Exploring the Promise of Resveratrol: Where Do We Go From Here?

  1. Nir Barzilai
  1. Diabetes Research and Training Center and Institute for Aging Research, Albert Einstein College of Medicine, Bronx, New York
  1. Corresponding author: Jill P. Crandall, jill.crandall{at}einstein.yu.edu.

Resveratrol (3,5,4’-trihydroxystilbene), a plant-derived polyphenol and activator of the mammalian sirtuin, SIRT1, has demonstrated promising effects on glucose metabolism in rodent models (1). However, despite the widespread use of resveratrol as a nutritional supplement and the many health claims made on its behalf, data from human studies are extremely limited. Here, we explore why, in contrast to many studies in mammalian models, the article by Poulsen et al. (2) in this issue of Diabetes reports that chronic high doses of resveratrol have no demonstrable metabolic effects.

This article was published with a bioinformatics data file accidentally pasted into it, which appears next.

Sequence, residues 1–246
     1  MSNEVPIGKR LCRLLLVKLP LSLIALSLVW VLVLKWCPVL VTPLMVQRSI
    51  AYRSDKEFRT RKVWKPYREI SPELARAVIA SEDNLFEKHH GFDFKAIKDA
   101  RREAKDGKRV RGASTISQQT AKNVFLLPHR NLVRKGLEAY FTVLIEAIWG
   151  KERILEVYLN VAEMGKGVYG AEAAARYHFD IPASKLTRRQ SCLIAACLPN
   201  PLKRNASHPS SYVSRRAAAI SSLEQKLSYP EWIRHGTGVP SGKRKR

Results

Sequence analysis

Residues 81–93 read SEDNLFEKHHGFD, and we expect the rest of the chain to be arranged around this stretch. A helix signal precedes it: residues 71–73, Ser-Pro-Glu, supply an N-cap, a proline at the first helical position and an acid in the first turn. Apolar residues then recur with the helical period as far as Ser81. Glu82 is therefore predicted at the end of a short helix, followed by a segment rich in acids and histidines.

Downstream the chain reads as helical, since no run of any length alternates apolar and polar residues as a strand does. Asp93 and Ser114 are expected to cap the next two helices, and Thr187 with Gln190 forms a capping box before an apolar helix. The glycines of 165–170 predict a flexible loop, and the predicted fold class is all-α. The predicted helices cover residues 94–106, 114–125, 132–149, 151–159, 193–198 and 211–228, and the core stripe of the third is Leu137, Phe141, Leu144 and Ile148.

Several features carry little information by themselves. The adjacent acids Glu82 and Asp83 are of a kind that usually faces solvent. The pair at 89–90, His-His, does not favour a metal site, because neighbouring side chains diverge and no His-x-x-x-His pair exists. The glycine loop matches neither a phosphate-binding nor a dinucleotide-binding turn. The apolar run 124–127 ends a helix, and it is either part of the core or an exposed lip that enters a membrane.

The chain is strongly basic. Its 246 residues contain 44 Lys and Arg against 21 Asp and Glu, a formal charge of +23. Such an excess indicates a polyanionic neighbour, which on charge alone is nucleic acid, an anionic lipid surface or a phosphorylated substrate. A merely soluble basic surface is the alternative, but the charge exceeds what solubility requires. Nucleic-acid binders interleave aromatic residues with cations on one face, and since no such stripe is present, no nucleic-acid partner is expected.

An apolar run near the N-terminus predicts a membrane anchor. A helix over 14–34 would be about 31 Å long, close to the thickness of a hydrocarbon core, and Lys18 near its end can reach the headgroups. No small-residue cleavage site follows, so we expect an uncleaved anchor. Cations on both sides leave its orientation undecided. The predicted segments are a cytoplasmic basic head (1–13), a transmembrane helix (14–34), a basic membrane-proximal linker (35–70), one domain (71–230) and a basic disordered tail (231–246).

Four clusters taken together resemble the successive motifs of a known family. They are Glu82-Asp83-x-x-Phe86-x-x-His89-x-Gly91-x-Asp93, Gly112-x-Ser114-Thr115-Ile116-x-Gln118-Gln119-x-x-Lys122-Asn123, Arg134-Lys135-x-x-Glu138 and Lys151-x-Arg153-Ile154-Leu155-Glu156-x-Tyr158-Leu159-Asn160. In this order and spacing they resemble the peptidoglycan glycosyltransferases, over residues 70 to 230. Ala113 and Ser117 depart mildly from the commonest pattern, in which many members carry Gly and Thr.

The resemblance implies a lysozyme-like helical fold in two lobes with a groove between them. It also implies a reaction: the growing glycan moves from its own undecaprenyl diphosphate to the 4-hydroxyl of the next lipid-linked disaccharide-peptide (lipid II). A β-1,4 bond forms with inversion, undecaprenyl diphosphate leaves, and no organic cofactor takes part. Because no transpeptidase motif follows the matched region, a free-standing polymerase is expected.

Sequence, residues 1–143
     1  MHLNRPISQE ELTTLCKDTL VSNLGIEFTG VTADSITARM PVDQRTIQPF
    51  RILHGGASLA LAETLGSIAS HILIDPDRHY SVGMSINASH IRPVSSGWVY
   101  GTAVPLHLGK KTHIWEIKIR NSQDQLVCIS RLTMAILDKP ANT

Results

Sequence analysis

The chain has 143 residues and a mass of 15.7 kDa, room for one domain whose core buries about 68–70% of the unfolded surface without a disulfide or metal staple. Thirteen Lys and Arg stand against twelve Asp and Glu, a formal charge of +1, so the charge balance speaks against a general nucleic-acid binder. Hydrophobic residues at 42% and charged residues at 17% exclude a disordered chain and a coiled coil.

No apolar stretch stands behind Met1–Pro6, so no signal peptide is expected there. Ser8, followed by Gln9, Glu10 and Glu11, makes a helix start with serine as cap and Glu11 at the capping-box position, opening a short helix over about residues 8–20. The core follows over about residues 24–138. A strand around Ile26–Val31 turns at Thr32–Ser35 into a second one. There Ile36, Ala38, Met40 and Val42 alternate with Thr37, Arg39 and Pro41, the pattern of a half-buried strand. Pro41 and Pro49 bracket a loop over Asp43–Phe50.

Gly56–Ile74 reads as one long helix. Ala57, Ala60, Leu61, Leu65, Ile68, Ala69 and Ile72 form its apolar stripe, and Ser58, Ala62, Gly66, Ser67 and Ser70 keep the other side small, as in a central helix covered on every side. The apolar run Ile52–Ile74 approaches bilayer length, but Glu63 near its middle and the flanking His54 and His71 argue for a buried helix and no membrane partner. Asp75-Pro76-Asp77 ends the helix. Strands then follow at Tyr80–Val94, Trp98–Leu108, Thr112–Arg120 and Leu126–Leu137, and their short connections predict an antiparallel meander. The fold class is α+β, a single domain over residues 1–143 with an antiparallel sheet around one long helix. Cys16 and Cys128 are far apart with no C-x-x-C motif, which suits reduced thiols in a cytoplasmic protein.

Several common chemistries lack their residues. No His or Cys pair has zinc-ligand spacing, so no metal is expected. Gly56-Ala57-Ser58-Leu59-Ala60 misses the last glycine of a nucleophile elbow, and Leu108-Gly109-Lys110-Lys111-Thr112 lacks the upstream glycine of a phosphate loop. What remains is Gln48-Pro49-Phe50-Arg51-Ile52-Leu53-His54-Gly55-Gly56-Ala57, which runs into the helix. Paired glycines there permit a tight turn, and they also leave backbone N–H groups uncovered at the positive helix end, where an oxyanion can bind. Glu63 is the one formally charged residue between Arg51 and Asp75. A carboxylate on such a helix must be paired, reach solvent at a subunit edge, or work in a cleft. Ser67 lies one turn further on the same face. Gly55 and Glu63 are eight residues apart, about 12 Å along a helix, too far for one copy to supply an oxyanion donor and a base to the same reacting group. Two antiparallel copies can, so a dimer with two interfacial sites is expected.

Interest in resveratrol has skyrocketed in recent years, initially from its association with the health benefits of red wine (the “French paradox”) and its in vitro anticancer activity (3). Subsequent reports demonstrated that it activates sirtuins and extends the life span of lower organisms (“calorie restriction mimetic”), including rodents (4). Studies in vitro show that resveratrol enhances insulin-stimulated glucose uptake in skeletal muscle, liver, and adipocytes (5,6) and stimulates insulin secretion via inhibition of β-cell KATP channels (7). These observations have been confirmed in vivo in several animal models, including aging, diet-induced obesity, and diabetic (db/db) mice (4,810). Importantly, key metabolic effects of resveratrol can be monitored in relevant tissues (muscle, fat, and liver), thus providing critical insight into mechanisms. These effects include increased mitochondrial biogenesis and oxidative …

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